YOUR DOUBLE SURPRISE
This week an ALWS supporter couple, with a teaching background in Lutheran schools, offered an amazing dollar for dollar ‘match’ for this w
eekend’s Walk My Way.
The offer runs for the 48 hours from midday Friday to midday Sunday … and is valued at $12,500 – enough to support 480 refugee children to g
o to school!
It costs $26 to support a refugee child in school for a year … but now, your donation of $26 can support TWO children. Simply click here to have your donation DOUBLED!
How is this a COVID-19 HOPE Spot?
This wonderful DOUBLE offer is a COVID-19 HOPE Spot because school is where refugee children learn why and how they must wash their hands properly!
That’s protection against diarrhoea, water-borne disease and COVID-19!
(PLUS, the children teach mum and dad too!)
Your DOUBLED donation will be a big encouragement to our brave Walk My Way walkers this weekend PLUS a lifetime blessing to the children you support go to school.
HOPE Spot #7: 29 April 2020
Today’s HOPE Spot is only 20 seconds long …
… and is brought to you by the kids at Calvary Kindy in SA (voices)
… and the children you help through ALWS (soapy hands and sunny smiles).
Enjoy – this life-protecting work is yours. Thank you!
HOPE Spot #6: 24 April 2020
When you meet Ciza from Burundi – one of the five poorest countries in the world – and hear her story about COVID-19, you might wonder where hope can possibly be.
“I’m CIZA Anastasie, 28 years old, from Kabingo Colline, Gisuru Commune, Ruyigi province.
I already know about the disease and its symptoms like fever, cough, and physical pains.
I have so much fear.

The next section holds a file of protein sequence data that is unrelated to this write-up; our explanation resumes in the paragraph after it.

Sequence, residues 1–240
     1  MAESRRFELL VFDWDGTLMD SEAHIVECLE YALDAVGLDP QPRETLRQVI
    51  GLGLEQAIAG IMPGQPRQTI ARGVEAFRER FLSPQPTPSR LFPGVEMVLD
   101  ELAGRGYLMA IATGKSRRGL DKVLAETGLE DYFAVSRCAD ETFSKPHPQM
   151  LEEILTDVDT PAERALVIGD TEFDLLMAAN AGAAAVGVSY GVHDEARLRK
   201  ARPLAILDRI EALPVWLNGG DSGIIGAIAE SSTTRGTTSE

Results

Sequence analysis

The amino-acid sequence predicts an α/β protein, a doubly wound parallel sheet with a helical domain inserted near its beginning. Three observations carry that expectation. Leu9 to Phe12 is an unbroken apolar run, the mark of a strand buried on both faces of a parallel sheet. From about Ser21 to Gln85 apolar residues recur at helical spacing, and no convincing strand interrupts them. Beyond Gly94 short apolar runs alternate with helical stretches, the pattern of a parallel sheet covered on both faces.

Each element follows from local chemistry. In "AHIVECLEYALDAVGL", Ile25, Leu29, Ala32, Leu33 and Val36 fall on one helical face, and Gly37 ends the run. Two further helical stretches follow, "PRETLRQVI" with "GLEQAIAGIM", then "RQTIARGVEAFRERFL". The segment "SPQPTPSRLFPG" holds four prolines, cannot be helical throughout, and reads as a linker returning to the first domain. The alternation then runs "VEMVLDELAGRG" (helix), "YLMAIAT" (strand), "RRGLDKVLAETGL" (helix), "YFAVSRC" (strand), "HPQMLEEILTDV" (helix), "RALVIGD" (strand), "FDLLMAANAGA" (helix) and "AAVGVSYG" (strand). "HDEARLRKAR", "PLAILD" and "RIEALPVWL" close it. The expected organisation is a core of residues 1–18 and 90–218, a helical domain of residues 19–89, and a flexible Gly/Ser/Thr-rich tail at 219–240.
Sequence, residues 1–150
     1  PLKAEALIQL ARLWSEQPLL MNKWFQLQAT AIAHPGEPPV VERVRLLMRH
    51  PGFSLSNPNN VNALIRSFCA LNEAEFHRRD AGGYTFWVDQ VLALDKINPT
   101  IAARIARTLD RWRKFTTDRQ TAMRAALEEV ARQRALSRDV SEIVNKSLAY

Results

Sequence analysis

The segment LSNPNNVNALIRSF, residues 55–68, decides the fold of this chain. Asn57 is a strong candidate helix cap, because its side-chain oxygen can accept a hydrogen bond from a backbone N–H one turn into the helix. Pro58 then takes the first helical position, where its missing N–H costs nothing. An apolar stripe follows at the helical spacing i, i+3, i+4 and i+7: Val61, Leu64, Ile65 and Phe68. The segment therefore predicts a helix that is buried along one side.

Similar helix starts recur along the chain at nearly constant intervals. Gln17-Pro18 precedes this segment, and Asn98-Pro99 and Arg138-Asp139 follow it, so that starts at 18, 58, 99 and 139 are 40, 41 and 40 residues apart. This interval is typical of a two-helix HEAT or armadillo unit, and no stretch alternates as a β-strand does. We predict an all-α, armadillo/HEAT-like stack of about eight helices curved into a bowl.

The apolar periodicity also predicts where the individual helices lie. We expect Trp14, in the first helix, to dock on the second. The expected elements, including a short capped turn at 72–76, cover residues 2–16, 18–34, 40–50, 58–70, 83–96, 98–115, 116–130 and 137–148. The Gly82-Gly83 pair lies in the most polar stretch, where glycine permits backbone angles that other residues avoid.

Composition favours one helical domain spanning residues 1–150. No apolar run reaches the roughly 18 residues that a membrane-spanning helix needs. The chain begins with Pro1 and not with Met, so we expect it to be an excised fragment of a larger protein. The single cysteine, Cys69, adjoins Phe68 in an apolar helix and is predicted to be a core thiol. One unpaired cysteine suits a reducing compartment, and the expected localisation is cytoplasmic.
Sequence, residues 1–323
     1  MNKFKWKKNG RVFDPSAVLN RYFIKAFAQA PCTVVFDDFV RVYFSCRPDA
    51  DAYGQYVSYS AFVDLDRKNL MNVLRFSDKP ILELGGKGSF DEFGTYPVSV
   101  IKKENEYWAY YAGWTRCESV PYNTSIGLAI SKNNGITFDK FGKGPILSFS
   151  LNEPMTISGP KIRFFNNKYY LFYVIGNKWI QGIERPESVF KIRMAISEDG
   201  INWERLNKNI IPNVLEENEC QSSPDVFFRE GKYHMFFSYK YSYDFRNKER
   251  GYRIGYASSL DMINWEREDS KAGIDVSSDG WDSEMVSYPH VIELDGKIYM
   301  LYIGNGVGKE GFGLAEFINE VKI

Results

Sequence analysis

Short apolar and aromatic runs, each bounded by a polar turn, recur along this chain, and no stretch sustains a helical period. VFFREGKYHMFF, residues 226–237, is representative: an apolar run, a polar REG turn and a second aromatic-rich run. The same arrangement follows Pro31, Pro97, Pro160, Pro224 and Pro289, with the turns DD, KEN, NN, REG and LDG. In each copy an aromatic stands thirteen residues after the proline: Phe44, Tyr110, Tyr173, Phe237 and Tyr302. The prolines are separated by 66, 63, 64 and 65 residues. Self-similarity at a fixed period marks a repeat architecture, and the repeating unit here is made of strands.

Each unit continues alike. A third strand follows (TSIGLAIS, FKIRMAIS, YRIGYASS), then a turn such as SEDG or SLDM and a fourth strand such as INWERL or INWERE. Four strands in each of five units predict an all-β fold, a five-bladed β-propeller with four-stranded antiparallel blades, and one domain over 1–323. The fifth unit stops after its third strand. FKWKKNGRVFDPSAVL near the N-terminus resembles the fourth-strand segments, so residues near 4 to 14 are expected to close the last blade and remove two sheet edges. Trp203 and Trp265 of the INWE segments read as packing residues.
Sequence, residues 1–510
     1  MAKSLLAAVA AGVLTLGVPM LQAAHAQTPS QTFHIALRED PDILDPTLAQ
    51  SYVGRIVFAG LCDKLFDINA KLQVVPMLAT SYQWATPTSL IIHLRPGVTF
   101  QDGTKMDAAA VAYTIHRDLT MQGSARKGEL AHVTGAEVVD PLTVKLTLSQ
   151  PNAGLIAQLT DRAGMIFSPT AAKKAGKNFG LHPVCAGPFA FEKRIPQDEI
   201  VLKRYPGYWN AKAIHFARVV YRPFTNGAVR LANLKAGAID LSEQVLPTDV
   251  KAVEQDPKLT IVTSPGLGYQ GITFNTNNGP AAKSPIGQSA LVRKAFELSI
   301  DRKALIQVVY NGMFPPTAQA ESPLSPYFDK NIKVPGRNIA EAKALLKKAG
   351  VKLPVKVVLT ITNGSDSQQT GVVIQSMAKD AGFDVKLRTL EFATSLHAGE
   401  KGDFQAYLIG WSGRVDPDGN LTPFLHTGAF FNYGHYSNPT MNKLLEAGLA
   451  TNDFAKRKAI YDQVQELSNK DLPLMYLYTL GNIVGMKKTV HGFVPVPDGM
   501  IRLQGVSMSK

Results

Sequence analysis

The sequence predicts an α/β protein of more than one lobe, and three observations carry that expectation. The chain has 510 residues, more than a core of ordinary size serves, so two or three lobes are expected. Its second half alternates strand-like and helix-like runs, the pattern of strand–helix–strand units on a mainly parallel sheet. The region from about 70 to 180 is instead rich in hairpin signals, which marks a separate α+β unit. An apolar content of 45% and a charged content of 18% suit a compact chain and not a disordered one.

I think that whenever it will reach here at the field, we would die massively because we are already vulnerable and our country is so far behind other countries worldwide where the covid-19 killed so many people.”
You can hear Ciza’s terror, can’t you?
The reason this is a HOPE Spot is because you are already working here in Burundi. You’ve taught her, and her community, how to wash hands properly.
See that FLM on the bicycle?
That stands for Federation Lutherienne Mondiale – French for Lutheran World Federation, our ALWS partner.
The two regions where you work through ALWS – Ruyigi and Cankuzo Provinces – are the poorest in Burundi. They border Tanzania, from where many Burundian refugees are being forced to return home.
People go into quarantine – but you can see the danger as people are crammed in together.
There can hardly be a place on earth where your kindness is needed more.
Mrs. Emelyne Ndakiriye, who you see here, is the LWF Manager in Cankuzo.
“There are many deaths as there is not enough infrastructure, equipment, medicine or specialised health workers.
There is also not enough food for adequate nutrition, which means people have less strength to resist the coronavirus. 90% of people live from agriculture, but farming has had to stop.
There is no selling of harvest in order to cover other basic needs because markets are closed. Many products are imported and prices have increased, which people can’t afford.”
You can keep supporting ALWS COVID-19 action here.
Because of your kindness, people in Burundi are being taught to properly wash their hands. People do hear COVID-19 messages over the radio, and from loudspeakers on cars.
Most important, thanks to you, people know they are not forgotten.
When they see that FLM bicycle, they know someone cares enough about them to come to them and help them.
This is YOU. This is your work through ALWS. This is the HOPE Spot you create.
On behalf of Ciza, front-line staff like Emelyne, and every other person you help to hope – thank you!
HOPE Spot #5: 21 April 2020
You’ll be inspired to see what Samir, a refugee at Kakuma Refugee Camp is doing since COVID-19 has begun threatening the camp.
A young designer, he has started sewing face masks – 100 a day!
Samir readily admits his masks are not surgical quality – but aim simply to discourage people from touching their faces.
Samir sews the masks on a foot-powered treadle machine, and uses African fabrics of many different colours, each representing the different nations living in the camp.
(One of the many activities you support in Kakuma Camp through ALWS is teaching sewing skills so people like Samir can set up their own tailoring businesses.)
Sewing doesn’t stop at Kakuma though.
Each Friday morning (in non-COVID times), the Lutheran Community Sewing Group in Adelaide welcomes former refugees, now our new neighbours, and teaches them how to sew – while making new friends and having fun!